The problem is: at what point does the normal to at intersect the parabola a second time?
Then can I just take the slope of 8, inverse it to be and then put it in point slope form,
This ends up being .
Then do I make it ? The math gets pretty hairy after that, and I just would like to know if I'm going in the right direction!
Ah, that definitely explains my first problem.
Then the tangent line is and the normal line is or
Next step, I substitute since one of the equations is already equal to y.
Multiply across by 11 to clear fractions -> -> Divide the equation by 2 .
My next question, is the quadratic formula the next way to go? I've already got it computed, but I'm not sure what the answer means or if it's correct. I know the objective is to find the perpendicular line to the parabola and find the second intersection point. So, the quadratic formula should give me the x coordinates for the intersection points on the parabola, how do I get the f(x) coordinates?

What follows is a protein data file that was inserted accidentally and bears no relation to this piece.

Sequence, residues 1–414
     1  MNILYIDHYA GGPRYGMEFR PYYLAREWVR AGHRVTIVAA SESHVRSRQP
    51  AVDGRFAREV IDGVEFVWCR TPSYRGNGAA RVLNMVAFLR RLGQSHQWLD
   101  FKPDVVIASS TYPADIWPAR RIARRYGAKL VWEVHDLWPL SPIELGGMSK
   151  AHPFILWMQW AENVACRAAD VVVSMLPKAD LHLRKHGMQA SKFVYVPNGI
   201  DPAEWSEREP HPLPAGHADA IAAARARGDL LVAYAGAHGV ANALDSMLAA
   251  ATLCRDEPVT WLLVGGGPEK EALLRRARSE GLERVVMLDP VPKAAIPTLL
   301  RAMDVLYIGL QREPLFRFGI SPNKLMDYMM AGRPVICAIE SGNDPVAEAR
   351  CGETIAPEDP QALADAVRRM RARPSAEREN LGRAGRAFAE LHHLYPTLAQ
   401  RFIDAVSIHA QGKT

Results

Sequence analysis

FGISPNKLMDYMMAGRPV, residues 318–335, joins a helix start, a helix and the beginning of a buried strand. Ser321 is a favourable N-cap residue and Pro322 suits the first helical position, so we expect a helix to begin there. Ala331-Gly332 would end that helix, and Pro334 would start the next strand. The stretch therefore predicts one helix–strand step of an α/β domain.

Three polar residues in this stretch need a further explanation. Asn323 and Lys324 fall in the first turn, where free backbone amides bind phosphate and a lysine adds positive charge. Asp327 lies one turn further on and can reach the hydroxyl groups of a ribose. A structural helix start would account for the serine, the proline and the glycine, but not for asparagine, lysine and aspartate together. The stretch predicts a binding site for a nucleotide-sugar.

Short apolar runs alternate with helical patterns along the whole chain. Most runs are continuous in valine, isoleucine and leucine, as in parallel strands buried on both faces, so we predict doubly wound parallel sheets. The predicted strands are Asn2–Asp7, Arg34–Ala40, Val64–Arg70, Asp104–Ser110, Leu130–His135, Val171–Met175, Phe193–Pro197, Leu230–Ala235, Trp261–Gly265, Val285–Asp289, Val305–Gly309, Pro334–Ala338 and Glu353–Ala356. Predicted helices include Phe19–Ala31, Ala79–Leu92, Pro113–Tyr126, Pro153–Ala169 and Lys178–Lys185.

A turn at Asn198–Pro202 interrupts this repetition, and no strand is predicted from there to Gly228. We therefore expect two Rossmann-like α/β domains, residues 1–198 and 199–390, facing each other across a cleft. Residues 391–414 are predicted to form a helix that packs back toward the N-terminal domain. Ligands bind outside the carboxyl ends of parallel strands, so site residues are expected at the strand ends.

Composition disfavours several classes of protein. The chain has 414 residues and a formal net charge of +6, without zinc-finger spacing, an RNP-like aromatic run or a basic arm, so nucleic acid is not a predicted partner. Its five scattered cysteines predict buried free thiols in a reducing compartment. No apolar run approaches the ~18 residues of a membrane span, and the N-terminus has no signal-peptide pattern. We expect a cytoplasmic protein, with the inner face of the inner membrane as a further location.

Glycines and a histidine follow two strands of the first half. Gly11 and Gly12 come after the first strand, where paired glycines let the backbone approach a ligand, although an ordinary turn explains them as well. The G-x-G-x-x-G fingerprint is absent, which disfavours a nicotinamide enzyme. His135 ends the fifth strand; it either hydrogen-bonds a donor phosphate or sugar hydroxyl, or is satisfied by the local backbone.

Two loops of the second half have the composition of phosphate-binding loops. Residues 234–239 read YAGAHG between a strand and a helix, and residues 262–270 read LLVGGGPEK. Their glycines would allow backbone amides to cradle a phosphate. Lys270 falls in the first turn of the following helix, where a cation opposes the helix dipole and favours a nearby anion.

Okay, so I get it now. I use the quad. formula and got x = 1 (makes sense, this is the point given in the question and corresponds with a output of 9), and x = -1.772727273. I plugged the latter into the original function of the parabola and got 9.252066119, so the normal line intersects the parabola a second time at (-1.772727273, 9.252066119). (1,9) is where it intersects the first time.
Is this kind of information related to finding tension in mechanics? Like if there's a swing or pendulum, could finding the intersection points of the perpendicular tell where the machine is stressed or receiving any kind of instantaneous change?